authoritarianism

Clowntastic

Sen. Marco Rubio (R-FL) and Sen. Ted Cruz (R-TX)

“The truth is that Republicans are at a crossroads. What we are seeing is a surrogate battle to determine whether the GOP will be a sort of populist/protectionist party, or a more cosmopolitan and compassionate one. And if those are the two world views that will eventually clash, Cruz and Rubio are much better representatives than, say, Trump and Bush.”

Matt Lewis

Conservative stalwart Matt Lewis offers an intriguing commentary considering the real potential of a marquee showdown between Marco Rubio and Ted Cruz. The junior U.S. Senators from Florida and Texas respectively enjoy competitive positions in the polls, and thus stand out as leading candidates to ascend as Dr. Ben Carson tumbles and pretty much everyone else wonders when Trump will follow. The Roll Call op-ed opens:

“The two people to watch are Cruz and Rubio,” Charles Krauthammer declared on Tuesday’s episode of Fox News’ “Special Report.” Call it wishful thinking or conventional wisdom (or both), but there is an assumption that this clash of titans might eventually occur—and I, for one, am rooting for it.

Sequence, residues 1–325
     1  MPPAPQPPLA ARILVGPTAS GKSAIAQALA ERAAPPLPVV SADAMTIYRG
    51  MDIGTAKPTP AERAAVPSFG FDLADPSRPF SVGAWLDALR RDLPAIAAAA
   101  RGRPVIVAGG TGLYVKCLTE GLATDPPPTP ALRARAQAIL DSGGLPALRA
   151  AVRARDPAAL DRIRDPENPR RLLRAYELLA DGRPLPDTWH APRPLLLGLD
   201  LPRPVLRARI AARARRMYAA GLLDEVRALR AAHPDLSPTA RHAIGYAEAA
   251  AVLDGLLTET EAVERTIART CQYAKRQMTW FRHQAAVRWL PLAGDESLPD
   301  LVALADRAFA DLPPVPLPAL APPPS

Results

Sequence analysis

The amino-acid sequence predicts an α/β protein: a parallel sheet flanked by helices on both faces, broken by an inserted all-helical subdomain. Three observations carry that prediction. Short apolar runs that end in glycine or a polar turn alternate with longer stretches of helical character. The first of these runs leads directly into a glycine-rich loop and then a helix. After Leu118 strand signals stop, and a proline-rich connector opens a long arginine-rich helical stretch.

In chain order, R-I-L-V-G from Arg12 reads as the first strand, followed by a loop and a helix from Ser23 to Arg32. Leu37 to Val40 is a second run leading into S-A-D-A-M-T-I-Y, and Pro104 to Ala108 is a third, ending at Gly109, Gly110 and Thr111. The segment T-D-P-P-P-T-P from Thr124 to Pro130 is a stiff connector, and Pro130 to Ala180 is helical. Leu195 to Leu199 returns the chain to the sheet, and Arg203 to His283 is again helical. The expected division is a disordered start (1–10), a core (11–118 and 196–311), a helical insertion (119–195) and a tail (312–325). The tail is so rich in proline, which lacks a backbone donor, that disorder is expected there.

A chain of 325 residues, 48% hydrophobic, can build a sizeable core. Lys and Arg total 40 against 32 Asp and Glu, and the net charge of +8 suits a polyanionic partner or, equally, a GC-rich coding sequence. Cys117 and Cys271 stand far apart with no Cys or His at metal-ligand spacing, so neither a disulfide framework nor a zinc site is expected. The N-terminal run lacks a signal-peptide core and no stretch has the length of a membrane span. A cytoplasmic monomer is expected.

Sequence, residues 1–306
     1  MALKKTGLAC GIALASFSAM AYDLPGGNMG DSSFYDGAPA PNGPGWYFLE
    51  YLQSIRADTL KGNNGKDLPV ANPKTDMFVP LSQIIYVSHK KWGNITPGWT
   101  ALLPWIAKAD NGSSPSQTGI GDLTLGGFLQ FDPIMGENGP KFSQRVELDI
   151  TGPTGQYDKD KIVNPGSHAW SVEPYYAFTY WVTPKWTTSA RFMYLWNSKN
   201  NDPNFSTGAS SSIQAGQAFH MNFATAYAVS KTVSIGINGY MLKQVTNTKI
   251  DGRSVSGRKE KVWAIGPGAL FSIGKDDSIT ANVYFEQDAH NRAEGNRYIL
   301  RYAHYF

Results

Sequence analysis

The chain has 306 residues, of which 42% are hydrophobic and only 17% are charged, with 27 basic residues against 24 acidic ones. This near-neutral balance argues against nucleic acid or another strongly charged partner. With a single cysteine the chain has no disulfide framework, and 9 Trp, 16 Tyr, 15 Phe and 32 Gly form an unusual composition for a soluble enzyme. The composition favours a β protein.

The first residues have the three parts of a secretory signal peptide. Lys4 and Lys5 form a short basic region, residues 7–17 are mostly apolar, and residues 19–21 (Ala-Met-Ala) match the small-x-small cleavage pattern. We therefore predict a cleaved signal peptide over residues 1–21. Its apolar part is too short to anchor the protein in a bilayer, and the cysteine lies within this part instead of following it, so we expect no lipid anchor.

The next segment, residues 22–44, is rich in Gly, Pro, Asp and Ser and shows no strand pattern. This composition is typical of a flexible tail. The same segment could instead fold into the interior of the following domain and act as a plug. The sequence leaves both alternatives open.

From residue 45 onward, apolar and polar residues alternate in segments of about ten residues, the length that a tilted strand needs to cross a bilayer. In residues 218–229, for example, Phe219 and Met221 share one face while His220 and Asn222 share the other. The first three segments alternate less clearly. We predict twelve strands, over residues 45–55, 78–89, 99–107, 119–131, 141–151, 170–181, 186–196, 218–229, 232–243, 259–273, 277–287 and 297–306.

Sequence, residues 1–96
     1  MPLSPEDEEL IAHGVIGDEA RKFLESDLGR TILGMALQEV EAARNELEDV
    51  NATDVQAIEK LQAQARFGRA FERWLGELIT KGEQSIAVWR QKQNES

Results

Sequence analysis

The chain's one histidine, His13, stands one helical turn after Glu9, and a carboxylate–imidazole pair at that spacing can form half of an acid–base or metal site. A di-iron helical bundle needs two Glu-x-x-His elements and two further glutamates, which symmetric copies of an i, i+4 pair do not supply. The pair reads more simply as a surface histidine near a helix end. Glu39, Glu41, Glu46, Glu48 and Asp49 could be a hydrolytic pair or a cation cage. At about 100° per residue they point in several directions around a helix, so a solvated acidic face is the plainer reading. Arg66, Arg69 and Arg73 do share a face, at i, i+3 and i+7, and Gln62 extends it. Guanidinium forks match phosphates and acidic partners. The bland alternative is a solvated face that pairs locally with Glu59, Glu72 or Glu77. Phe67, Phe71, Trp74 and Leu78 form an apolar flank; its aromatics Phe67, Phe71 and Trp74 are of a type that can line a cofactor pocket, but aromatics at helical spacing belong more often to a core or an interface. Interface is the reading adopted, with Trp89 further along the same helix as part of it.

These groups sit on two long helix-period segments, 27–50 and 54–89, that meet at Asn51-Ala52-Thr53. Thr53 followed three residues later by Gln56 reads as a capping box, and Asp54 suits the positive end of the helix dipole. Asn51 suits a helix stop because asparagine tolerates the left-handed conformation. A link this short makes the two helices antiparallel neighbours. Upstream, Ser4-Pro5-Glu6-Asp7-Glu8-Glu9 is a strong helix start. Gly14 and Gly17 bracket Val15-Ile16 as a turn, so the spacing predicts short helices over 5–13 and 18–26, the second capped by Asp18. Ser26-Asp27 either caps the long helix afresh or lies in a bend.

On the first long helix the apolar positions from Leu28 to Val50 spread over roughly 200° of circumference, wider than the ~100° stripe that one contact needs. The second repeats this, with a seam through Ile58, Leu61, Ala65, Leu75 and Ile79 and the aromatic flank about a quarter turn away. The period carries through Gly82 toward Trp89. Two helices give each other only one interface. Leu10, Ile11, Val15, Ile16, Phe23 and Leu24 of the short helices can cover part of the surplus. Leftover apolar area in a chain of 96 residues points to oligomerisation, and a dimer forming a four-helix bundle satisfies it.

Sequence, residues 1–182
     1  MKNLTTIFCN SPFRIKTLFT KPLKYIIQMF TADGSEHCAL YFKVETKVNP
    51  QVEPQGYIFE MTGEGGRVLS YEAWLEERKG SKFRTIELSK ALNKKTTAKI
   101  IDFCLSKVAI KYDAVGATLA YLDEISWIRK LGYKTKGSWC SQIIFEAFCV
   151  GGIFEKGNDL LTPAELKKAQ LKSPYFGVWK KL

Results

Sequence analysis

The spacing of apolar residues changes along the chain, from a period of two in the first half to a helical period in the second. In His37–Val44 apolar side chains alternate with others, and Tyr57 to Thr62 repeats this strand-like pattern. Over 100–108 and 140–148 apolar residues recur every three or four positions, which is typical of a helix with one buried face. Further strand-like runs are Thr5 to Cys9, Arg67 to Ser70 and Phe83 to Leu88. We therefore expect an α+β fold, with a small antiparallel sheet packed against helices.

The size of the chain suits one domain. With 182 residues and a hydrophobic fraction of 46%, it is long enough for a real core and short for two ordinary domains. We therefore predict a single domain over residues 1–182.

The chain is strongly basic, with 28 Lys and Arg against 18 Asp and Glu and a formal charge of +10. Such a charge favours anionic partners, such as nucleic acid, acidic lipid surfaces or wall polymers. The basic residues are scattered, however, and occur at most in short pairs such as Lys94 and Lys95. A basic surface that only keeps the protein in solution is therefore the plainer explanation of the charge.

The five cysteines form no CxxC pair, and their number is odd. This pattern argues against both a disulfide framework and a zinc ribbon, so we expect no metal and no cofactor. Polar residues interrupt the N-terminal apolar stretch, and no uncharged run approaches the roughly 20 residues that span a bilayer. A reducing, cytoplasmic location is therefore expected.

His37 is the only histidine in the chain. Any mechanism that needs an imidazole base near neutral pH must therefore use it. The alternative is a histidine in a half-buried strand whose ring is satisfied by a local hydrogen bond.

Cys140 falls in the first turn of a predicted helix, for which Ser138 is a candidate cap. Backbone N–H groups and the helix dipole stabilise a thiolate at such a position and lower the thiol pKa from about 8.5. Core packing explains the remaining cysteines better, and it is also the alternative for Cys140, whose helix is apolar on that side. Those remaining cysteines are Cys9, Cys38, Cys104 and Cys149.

And we can skip ahead to the ending, a pretense of obvious afterthought―that both Cruz and Rubio can win the general against Hillary Clinton―long enough to remember that Lewis is, after all, a conservative pitch man. Cruz can’t win; Rubio has a chance if he can overcome the deer and headlight air of youthful inexperienceα he often demonstrates so aptly when rattling through talking points that thoroughly defy his comprehension. That is to say, we can attend the pretense of afterthought long enough to dismiss it.

Nonetheless, Mr. Lewis offers an insightful analysis that includes the benefit of also sounding reasonable:

Most people I know think a Trump candidacy would be disastrous, but there is division regarding just how freaked out we should be. Some, like statistician Nate Silver, argue that we are putting too much stock in these early polls showing Trump ahead for a variety of reasons, including the fact that “the vast majority of eventual Republican voters haven’t made up their minds yet.”

Others argue that this is fantasy. All the previous predictions about a Trump collapse were premature, and besides, he’s a paradigm-shifting candidate; the old rules no longer apply.

Having said all that, it’s not absurd to believe that voters will finally come to their senses, and that Cruz and Rubio might eventually emerge as representatives of their various “lanes” to face off in a sort of championship battle to determine who will represent the GOP in the general election.